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In taxes, IRS gets first call on what's a frivolous argument

What is silly? What is frivolous? To call the sky yellow on a clear day surely fits the bill. Someone might try to make an argument for yellow skies, but most people will write it off as nonsense. At best, it might be dismissed as that person's opinion.

In the legal context, courts don't suffer frivolous arguments well. This is perhaps especially true if the debate subject is a dispute over taxes. And what Minnesota and Wisconsin readers need to know is that in the area of tax law, Congress has granted the IRS the power to make the first call on what constitutes a frivolous claim. And those who choose to continue pressing their argument run the risk of incurring harsh financial penalties and even criminal charges.

Forewarned is forearmed goes the saying, so it might be helpful to understand what the IRS deems to be meaningless arguments.

  • The federal income tax system is voluntary. Such claims, whether applied to filing annual returns, paying what's owed, or responding to a notice from the IRS, have long been dismissed by the agency and courts have affirmed the findings.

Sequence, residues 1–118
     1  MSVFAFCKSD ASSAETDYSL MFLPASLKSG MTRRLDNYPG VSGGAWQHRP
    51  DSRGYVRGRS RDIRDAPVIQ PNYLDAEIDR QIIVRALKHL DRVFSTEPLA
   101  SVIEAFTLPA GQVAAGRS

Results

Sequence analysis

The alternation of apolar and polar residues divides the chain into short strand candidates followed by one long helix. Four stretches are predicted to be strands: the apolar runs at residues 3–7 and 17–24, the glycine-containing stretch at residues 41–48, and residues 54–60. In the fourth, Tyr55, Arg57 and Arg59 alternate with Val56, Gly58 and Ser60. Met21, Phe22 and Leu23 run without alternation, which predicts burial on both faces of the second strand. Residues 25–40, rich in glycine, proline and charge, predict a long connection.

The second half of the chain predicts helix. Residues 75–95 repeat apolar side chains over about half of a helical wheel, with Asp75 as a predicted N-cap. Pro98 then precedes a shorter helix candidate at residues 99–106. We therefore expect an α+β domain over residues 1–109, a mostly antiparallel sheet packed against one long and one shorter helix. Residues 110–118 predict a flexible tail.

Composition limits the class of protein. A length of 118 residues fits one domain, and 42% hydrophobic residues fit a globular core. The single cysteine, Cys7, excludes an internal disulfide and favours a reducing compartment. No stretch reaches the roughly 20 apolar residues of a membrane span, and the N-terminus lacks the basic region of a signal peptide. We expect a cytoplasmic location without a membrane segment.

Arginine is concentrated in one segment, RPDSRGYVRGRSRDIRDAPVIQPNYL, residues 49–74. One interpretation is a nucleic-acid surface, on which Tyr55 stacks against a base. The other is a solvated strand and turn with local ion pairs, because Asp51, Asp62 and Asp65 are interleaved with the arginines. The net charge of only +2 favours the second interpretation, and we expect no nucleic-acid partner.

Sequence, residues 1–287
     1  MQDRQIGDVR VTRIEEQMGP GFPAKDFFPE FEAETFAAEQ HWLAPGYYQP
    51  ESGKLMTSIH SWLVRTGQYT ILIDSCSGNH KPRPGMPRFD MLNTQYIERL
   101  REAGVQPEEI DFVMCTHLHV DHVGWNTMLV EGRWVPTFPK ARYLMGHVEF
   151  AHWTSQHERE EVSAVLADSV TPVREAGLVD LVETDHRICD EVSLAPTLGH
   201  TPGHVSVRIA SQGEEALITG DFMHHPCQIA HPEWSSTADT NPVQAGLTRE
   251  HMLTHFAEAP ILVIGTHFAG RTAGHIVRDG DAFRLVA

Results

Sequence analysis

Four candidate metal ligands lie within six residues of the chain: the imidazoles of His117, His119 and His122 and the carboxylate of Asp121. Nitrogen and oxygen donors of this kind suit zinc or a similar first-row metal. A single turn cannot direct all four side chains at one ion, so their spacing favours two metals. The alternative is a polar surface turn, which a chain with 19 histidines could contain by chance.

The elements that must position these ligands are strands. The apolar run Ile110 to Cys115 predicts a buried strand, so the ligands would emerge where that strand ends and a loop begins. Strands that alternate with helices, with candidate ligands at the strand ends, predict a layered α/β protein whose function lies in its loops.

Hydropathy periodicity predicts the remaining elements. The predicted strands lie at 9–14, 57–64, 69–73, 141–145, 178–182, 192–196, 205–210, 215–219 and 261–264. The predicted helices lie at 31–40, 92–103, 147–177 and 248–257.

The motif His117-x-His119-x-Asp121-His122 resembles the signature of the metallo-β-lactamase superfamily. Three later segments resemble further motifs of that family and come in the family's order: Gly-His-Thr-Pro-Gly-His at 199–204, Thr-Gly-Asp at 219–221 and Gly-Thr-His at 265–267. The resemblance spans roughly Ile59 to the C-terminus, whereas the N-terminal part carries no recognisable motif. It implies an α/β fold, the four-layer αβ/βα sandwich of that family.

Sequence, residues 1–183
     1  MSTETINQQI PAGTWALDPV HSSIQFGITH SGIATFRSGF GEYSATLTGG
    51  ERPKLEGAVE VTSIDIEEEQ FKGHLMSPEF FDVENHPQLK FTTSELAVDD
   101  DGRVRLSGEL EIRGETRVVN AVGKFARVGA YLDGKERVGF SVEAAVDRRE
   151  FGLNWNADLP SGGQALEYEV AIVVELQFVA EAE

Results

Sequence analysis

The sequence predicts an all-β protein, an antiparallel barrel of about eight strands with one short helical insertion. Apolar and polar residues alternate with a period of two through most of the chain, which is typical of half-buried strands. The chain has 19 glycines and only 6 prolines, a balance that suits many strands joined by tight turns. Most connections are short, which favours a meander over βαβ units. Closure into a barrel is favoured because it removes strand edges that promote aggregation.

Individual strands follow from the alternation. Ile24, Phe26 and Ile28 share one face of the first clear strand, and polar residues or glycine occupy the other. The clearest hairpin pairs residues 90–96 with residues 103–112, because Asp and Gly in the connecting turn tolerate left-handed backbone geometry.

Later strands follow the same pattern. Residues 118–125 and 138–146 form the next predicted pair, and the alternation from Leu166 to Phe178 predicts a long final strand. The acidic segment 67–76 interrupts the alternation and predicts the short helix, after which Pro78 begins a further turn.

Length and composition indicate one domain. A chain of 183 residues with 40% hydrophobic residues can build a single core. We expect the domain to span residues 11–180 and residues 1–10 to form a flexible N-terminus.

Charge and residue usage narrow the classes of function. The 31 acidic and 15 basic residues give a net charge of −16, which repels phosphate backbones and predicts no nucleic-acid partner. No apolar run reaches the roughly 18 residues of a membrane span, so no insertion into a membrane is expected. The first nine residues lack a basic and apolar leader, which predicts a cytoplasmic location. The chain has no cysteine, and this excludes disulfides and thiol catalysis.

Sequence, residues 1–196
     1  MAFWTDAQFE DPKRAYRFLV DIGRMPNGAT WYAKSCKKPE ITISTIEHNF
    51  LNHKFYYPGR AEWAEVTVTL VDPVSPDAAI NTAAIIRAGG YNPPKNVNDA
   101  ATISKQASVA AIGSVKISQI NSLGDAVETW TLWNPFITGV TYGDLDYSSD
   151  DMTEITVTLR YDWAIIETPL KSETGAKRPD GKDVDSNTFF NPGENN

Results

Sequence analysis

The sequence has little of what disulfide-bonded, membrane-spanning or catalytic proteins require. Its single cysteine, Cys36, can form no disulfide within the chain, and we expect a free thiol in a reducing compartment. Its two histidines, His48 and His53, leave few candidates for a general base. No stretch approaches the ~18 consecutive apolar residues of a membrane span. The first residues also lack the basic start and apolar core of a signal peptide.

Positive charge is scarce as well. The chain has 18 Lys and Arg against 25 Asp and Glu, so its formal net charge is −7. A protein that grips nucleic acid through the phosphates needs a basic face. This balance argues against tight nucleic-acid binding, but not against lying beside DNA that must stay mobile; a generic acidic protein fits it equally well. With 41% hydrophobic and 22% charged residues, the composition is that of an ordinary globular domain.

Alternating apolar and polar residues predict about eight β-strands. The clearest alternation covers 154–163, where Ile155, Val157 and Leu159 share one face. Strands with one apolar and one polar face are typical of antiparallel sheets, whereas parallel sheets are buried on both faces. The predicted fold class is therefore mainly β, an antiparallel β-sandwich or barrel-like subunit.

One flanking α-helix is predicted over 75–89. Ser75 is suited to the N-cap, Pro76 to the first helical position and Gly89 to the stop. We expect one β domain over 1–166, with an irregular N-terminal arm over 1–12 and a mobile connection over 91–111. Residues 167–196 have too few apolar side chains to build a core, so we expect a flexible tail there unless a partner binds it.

• Claiming certain income is not taxable income. Argue as you might, wages and other compensation for personal services are taxable. It has also been debunked that income tax applies only to income earned from foreign sources.
  • Certain terms in the tax code don't mean what the IRS says they mean. Many have tried and failed to challenge official and legal interpretations of what it means to be a "citizen" of the United States. Arguments that seek to distinguish a taxpayer from the definition of "person" or "employee" have met similar fates. '

This does not mean taxpayers who seek to challenge the validity of a tax assessment have to accept it if the IRS declares the argument frivolous. There may be a possible avenue of appeal. But to be sure of the best possible outcome, it's important to understand what your legal options are and what is likely to fly.

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